Researchers are beginning to look at the way that babies communicate with their eyes in order to understand the development of certain disabilities such as autism. Dr. Noah Sasson, an Assistant Professor and his colleagues at the University of Texas at Dallas in the Center for Children and Families, are currently tracking and measuring the eye movements of infants. Eye tracking technology has been used in previous research to investigate how children and adults perceive social and non-social information.
“By tracking eye movements, we can infer information about an infant based on what he or she views and for how long,” said Sasson. “Although this information alone is not diagnostic, certain patterns of eye movements may signify an abnormality that can reflect potential developmental difficulties.”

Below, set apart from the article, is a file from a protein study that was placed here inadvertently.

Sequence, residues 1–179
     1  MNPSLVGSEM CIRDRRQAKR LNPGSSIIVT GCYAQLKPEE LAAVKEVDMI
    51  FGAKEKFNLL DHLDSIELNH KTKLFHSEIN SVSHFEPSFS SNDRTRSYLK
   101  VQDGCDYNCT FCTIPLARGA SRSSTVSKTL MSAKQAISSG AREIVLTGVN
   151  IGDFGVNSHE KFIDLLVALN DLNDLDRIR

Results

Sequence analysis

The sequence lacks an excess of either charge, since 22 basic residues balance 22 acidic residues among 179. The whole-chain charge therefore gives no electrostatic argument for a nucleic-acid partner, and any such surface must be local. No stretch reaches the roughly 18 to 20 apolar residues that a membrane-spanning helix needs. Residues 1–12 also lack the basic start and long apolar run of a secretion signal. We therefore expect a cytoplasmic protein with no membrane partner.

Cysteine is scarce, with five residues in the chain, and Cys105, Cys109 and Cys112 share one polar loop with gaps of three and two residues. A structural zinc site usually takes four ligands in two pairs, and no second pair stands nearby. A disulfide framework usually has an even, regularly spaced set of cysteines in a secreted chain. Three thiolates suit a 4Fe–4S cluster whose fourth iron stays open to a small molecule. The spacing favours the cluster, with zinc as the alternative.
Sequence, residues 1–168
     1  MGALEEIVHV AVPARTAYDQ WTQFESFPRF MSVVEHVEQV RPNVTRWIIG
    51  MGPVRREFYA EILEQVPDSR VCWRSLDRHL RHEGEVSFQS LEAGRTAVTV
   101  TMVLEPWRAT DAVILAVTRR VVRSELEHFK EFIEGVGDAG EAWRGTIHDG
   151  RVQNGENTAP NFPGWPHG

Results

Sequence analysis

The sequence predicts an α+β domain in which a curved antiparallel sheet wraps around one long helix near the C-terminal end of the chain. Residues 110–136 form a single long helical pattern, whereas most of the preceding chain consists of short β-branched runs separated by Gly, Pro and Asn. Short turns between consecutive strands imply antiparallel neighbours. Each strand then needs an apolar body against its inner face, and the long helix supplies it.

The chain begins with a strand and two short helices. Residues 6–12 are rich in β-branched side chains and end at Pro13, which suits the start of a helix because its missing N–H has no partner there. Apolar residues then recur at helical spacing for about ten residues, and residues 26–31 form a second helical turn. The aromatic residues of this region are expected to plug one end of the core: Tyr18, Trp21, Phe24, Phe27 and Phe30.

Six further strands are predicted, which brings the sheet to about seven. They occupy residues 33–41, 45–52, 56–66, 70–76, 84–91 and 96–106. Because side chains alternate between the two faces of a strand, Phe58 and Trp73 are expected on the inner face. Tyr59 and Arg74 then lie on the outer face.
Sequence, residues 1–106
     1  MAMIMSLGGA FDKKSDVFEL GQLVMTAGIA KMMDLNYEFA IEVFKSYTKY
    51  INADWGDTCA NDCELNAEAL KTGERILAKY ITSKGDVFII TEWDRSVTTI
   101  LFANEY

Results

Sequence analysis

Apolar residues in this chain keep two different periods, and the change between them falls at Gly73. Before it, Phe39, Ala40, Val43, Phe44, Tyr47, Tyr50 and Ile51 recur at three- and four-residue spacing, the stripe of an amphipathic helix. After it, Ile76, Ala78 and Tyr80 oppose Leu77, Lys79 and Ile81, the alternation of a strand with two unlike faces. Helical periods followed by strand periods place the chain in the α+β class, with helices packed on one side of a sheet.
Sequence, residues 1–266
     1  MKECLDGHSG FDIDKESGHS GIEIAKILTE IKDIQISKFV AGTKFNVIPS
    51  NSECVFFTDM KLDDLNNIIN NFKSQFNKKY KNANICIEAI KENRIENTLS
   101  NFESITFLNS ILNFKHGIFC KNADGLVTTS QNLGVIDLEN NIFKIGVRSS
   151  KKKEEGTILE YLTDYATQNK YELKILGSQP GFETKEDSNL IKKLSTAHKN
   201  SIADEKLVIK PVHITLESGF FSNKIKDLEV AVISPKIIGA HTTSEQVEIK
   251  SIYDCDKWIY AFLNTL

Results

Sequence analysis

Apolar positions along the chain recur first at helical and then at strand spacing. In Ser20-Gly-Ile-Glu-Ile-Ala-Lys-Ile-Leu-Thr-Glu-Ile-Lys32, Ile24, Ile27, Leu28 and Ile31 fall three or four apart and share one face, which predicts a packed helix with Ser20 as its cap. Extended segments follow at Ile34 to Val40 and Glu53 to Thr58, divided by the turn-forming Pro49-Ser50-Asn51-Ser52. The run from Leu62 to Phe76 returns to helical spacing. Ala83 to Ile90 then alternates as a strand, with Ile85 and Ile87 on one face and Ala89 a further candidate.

Researchers collect the data by having infants sit on their parent’s lap and face a computer monitor. An array of images is projected on the monitor and a standalone unit called the Tobii eye tracker is used to instantly measure eye movements.
Included in the array are social images, such as people and faces and objects that are often of high interest to children with autism. These can include trains, cars, and computers as well as objects that may be less appealing to children with autism.
“We know from experience that early intervention can lessen the effects of autism traits in both childhood and adulthood”, said Sasson. “The goal of our research is to detect a problem as soon as possible so that parents can look into early intervention programs.”